On February 3rd, 1752, Delor demonstrated Franklin’s theories to King Louis XV.  The King was so impressed that the men gained “a desire of verifying the conjectures of Mr. Franklin upon the analogy of thunder and electricity”.

Towards that end, Dalibard decided to attempt Franklin’s lightning experiment.  Franklin had written that if lightning clouds were electrified then if a metal pole was near the clouds then by induction the pole would get electrified and would produce sparks.  So, Dalibard put a large metal pole on an insulated stand sticking out of a tent in his home in Paris as well as near his country house in the town of Marly-la-ville around 15 miles from Paris.  He obtained the services of a retired soldier named Coiffier to manage the apparatus in Marly-la-ville for times when Dalibard was in the city.  On the afternoon of Wednesday, the 10th of May, 1752, Coiffier heard thunder and ran to the tent managed to get a couple of good sparks, and called for his neighbors to fetch the local parish priest (called a curate).   This is how an author and scientist named Priestly dramatically describes what happened only 15 years after the event, “The curate runs with all his might, and the parishioners seeing the precipitation of their spiritual guide, imagine that poor Coiffier had been killed with lightning.  The alarm spreads through the village, and the hail which came on did not prevent the flock from following their shepherd.  The honest ecclesiastic, arriving at the machine, and seeing there was no danger, took the wire into his own hand and immediately drew several strong sparks, which were most evidently of an electrical nature, and completed the discovery for which the machine was erected”

Three days later Dalibard reported the experiment to the Paris Academy, but Nollet objected to the paper and insisted that more research needed to be done, especially by “qualified” electricians before publication.  Nollet thus inspired every electrician in Paris to repeat the experiment, up to and including even poor Mr. Nollet, “dying of chagrin from it all” as the ever-gallant Buffon put it.  Buffon and his “crew” had thoroughly defeated Nollet on the issue of Benjamin Franklin making Franklin the toast of Paris in the meanwhile.  Therefore, when Franklin went to France to try to get money and arms for the American revolution he arrived as a superstar.  After such unprecedented success in humiliation, Buffon went back to his natural history studies and never dealt with electricity again.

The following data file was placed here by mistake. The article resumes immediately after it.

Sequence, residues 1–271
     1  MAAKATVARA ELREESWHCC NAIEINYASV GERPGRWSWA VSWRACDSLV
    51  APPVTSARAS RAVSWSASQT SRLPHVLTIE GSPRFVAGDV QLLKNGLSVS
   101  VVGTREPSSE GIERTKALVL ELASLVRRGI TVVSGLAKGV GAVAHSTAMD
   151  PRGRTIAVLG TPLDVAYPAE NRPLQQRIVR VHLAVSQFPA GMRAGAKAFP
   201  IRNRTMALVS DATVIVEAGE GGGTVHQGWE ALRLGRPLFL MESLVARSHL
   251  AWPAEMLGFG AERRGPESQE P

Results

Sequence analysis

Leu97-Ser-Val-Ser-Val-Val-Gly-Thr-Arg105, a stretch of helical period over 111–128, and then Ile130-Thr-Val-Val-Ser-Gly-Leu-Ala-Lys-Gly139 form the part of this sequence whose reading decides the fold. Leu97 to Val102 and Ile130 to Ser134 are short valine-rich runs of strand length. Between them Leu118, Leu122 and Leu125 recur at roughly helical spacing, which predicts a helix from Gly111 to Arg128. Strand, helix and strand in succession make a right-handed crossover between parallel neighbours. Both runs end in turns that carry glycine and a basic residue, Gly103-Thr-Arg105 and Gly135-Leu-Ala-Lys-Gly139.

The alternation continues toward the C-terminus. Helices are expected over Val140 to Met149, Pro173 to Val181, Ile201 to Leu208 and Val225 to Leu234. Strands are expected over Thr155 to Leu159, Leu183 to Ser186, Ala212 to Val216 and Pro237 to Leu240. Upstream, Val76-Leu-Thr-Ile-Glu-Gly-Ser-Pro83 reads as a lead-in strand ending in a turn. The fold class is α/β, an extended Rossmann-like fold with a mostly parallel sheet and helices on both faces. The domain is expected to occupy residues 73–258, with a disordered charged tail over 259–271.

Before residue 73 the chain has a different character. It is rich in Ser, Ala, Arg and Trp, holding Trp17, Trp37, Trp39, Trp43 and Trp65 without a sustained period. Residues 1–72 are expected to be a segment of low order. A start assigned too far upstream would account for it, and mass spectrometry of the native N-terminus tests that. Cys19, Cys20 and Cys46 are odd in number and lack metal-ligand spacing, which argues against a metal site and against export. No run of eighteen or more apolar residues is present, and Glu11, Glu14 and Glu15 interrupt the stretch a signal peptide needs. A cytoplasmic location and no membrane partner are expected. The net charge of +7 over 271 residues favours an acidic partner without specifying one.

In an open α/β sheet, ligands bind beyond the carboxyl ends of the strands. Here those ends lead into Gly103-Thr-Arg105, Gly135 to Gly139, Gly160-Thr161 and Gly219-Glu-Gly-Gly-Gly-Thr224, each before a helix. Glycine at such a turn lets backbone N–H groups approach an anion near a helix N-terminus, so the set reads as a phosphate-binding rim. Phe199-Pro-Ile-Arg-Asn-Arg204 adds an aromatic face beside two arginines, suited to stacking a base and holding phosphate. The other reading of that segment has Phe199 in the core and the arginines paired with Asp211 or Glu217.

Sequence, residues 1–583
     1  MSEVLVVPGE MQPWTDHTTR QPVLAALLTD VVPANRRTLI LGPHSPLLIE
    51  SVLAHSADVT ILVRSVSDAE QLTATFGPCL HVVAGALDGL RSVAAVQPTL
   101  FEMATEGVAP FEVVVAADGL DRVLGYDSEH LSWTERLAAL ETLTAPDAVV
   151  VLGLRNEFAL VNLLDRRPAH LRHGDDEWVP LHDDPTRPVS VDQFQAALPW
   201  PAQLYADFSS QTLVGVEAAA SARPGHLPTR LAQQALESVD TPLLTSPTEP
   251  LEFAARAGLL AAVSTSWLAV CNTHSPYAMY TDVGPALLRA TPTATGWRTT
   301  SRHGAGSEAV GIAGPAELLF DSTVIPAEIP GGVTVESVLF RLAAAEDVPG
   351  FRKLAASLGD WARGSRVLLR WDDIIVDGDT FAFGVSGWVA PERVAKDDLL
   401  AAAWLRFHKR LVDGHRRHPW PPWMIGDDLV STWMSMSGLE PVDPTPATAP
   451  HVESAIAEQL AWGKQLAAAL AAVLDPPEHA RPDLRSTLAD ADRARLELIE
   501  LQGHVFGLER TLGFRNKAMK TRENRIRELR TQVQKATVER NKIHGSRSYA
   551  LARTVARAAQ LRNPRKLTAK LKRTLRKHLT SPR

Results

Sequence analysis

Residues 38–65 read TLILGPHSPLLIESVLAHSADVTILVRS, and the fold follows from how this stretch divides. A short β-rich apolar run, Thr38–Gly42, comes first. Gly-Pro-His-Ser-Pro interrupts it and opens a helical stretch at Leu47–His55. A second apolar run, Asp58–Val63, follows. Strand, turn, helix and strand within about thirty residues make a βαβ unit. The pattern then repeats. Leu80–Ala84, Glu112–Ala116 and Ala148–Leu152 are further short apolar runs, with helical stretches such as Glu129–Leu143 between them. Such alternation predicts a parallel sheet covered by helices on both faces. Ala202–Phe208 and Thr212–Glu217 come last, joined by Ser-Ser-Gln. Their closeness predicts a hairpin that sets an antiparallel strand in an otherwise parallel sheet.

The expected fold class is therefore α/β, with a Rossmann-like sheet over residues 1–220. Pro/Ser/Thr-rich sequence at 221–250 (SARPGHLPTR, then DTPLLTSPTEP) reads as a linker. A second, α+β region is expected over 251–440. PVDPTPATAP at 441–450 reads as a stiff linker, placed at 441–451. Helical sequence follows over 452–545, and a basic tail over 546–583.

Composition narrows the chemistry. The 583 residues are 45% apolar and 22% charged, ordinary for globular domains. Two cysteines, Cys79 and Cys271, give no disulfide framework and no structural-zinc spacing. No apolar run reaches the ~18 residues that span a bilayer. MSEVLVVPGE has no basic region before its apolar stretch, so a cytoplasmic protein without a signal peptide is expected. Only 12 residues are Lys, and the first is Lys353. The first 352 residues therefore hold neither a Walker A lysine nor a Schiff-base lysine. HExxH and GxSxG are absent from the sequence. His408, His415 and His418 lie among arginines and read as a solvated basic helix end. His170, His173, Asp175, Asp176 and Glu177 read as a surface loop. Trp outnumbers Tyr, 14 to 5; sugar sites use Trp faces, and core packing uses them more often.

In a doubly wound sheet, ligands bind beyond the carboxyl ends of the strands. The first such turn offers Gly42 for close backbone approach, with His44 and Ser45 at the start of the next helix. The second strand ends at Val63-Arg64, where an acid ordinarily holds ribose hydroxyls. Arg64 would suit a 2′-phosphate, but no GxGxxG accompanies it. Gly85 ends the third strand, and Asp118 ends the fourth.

Meanwhile, in October of 1752, Franklin wrote that he had heard of the “success of the Philadelphia experiment” in papers from Europe and that he had had similar success, “made in a different and more easy manner” with a kite.  Here is the famous Franklin kite experiment.  Franklin described in detail how to perform the experiment: he made a silk kite with a sharp wire sticking out the top of it.  He used a line made of twine (tied to the wire) with a bit of non-conducting silk near the hand of the person flying the kite, and finally, at the juncture between the silk and the twine, he tied a metal key.  Even though the kite was flown in the rain, the person and the silk rope and the key were under a doorway and kept dry so that no electricity would flow to the person holding the kite.  Notice that, just like the previous experiment, the experiment works without the kite being struck by lightning!  The idea is that if the clouds are electrified then the kite (and the wire and the twine and the key) will be electrified too.  Franklin found that it worked very well.  The sparks “stream out plentifully from the key on the approach of your knuckle.  … the sameness of the electric matter with that of lightning completely demonstrated.”

Benjamin Franklin had literally captured lightning in a bottle, and it made him famous. It is hard to fathom today how influential Franklin’s experiment was at the time.  In 1769, a historian described Franklin’s discovery as “the greatest, perhaps, that has been made in the whole compass of philosophy, since the time of Sir Isaac Newton”.   Franklin’s book became, “one of the most reprinted and talked about books of the age”.